Brian Aldiss, one of the world's premier science fiction authors, produces this little known piece of information with a dry chuckle. He's spent years trying to get rid of science fiction's nerd image. "I was attracted to SF at the start because I was a rebellious spirit and I liked the fact that the genre was rather despised. But now that I'm older and sillier, I think non-SF readers are missing something. I have a fairly good opinion of some of my own books. They are certainly not generic SF, and people would enjoy them who have nothing to do with SF. My friend Doris Lessing lost much of her audience when she started writing the books she rather irritatingly called 'space fiction' - but she got a new, younger audience. I believe, before, she hated being pigeon-holed as a feminist. All writers hate being pigeon-holed."
Aldiss is something of a literary phenomenon. All the dozens of novels and short story collections he has published in a 40-year professional writing career are still in print. He has edited numerous science fiction anthologies, written travel books, an autobiography, several volumes of essays and three collections of poetry. The published bibliography of his work runs to 360 pages. He's a Fellow of the Royal Society of Literature, has been President of the Society of Authors, a Booker judge and a member of the Arts Council's literature panel.
To celebrate his 70th birthday, he has three books published this year. His latest collection of poetry, At the Caligula Hotel, came out from Sinclair Stevenson just before the axe fell on the imprint; Liverpool University Press have published The Detached Retina, his witty collection of essays; and HarperCollins will shortly publish The Secret of this Book, a collection of "stories, lies and anecdotes". "I'm a creative force," he explains, only half joking.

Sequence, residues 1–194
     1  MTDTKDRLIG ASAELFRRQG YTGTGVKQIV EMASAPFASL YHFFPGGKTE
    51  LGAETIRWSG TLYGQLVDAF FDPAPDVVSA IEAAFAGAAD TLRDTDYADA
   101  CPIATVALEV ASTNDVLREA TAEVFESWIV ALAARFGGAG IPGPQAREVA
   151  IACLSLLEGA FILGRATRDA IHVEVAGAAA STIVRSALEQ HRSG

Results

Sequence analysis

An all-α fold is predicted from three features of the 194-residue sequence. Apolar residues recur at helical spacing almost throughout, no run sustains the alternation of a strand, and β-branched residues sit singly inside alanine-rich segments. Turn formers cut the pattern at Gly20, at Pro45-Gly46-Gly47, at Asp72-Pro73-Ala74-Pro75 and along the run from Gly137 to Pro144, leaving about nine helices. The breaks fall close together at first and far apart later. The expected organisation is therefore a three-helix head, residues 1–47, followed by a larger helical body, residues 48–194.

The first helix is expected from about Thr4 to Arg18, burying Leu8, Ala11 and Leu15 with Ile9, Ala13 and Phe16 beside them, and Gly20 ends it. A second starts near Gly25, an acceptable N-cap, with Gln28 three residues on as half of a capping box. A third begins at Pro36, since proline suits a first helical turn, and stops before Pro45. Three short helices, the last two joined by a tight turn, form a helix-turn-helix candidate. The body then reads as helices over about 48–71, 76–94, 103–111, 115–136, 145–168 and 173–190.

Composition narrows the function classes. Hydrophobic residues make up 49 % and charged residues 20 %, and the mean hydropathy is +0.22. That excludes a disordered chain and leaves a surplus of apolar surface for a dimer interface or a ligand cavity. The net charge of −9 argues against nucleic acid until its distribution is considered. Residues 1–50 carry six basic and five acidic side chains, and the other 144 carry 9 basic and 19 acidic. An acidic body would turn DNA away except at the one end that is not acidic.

He is talking in the book-lined study of the Edwardian mansion just outside Oxford that he shares with Margaret, his wife of 30 years, and their four children. A tall, slightly shambling man, his energy and enthusiasm belie his years. Although he claims he writes because he is inarticulate, he is a fluent talker, his conversational manner an engaging mix of the casual and the rhetorical ("And furthermore, let me tell you this..." is the kind of thing).
Not all his fiction is SF and it rankles that, while he has won pretty much every major SF award, his other fiction is overlooked. "Anthony Burgess included my novel Life in the West among his 99 best novels, someone else called me the best prose writer in England, but in this country my four most recent novels - none of which was SF - were scarcely reviewed." The four will be republished next year as the Squire Quartet. "Maybe they'll get more attention then," he says, not looking as if he holds out much hope.
Aldiss has been writing since childhood. A Norfolk shopkeeper's son, he was packed off at the age of seven to the first of a series of prep and boarding schools whose common feature was the bullying and beatings he received there. He was never able completely to forgive his mother for sending him away. "I felt I was being incarcerated in these places because I was a nuisance in the family."
At first in school he was nicknamed the Professor, because he was bit of an inventor. When the family moved to Devon at the outbreak of war and Aldiss went to a friendlier school, he became better known for his pornography. "I had already started writing science fiction and crime stories - re-writing Shakespeare as gangster stories - but by the age of 16 I was including mild pornography to titillate other boys. Most schoolboys are obsessed with sex, and some of the tales were full of erotic activities so tame by today's standards."